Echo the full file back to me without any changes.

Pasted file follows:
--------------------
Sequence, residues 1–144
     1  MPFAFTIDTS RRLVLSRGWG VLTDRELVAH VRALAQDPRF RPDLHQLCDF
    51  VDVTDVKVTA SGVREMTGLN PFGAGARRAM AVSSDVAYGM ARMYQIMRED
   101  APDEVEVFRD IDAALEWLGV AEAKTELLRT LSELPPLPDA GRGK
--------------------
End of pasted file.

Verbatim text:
Sequence, residues 1–144
     1  MPFAFTIDTS RRLVLSRGWG VLTDRELVAH VRALAQDPRF RPDLHQLCDF
    51  VDVTDVKVTA SGVREMTGLN PFGAGARRAM AVSSDVAYGM ARMYQIMRED
   101  APDEVEVFRD IDAALEWLGV AEAKTELLRT LSELPPLPDA GRGK